Neptune Energy has conducted the world’s first dual-drilling operation from an integrated subsea template structure at the Fenja field in the Norwegian North Sea, the company announced.
In conjunction with the startup of the Fenja drilling campaign in April, Neptune teams maximized the capabilities of Seadrill’s West Phoenix drilling rig to drill two wellbores at the same time.
While many drilling rigs are equipped with dual-drilling capabilities, this was the first time dual drilling has been executed from an integrated subsea template structure. This accelerated the drilling operations, reduced costs and lowered operational emissions.
“Several drilling rigs have two drilling facilities where these traditionally support one another,” Thor Andre Løvoll, Director of Drilling and Wells in Norway, Neptune Energy, said. “However, in the instance of our operations, we decided to use these facilities independently to concurrently drill two wellbores.”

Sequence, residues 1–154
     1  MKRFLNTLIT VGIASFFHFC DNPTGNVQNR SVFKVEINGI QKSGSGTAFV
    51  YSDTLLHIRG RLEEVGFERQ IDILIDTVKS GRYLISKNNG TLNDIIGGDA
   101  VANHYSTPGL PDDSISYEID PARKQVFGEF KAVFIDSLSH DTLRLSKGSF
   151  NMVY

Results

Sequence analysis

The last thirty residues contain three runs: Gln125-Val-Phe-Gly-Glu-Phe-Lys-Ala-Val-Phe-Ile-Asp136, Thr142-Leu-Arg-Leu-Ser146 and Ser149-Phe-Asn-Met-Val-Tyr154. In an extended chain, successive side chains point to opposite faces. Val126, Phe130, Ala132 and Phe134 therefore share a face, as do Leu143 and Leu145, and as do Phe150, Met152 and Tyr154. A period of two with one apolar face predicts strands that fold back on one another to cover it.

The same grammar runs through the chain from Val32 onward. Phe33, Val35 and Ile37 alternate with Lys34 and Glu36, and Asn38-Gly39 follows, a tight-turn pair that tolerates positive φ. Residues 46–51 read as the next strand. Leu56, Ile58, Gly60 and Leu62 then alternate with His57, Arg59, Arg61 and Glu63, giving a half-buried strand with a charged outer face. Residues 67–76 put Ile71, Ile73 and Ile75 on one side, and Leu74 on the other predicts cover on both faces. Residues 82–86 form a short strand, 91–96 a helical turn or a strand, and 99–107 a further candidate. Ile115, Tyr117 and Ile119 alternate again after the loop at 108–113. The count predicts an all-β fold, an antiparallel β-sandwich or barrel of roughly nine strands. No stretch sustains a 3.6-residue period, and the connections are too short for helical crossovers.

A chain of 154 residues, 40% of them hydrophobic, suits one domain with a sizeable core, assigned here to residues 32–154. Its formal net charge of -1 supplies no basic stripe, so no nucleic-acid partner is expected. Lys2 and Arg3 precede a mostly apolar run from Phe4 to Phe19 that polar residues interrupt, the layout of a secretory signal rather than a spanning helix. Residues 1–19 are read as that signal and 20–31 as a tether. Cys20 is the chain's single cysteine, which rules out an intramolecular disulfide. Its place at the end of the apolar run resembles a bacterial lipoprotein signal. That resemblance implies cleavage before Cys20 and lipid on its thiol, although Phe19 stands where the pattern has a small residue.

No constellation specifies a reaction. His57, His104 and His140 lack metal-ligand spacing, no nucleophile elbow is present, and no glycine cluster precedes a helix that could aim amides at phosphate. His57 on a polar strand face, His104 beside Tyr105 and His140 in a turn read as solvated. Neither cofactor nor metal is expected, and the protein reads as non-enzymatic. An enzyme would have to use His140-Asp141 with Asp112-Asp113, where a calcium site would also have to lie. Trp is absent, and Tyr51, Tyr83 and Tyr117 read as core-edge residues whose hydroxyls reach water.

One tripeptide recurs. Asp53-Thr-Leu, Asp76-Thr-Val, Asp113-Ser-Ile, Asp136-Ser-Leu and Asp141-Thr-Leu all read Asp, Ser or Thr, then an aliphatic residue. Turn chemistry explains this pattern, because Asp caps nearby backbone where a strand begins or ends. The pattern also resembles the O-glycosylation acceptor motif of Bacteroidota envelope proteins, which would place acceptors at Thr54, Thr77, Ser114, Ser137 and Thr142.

“The experience of dual drilling on Fenja has been positive, and we could see this method adopted as a more standard practice in the future. The current challenges in the market encourage us to rethink the way we do things safely, efficiently and with lower carbon emissions,” Mr Løvoll said.
Neptune recently conducted dual-drilling operations on an exploration well on the Norwegian Continental Shelf (NCS), and the experience was applied toward the Fenja subsea field development with success.
Fenja is Neptune’s first operated development project on the NCS and is estimated to contain 97 million BOE. Fenja will deliver around 40,000 BOE/day at plateau.
Located in the Norwegian Sea 120 km northwest of Kristiansund in a water depth of 320 m, the subsea field will be developed as a tieback to the Njord-A platform. At 36 km, it will be the world’s longest electrically trace-heated pipe-in-pipe subsea development.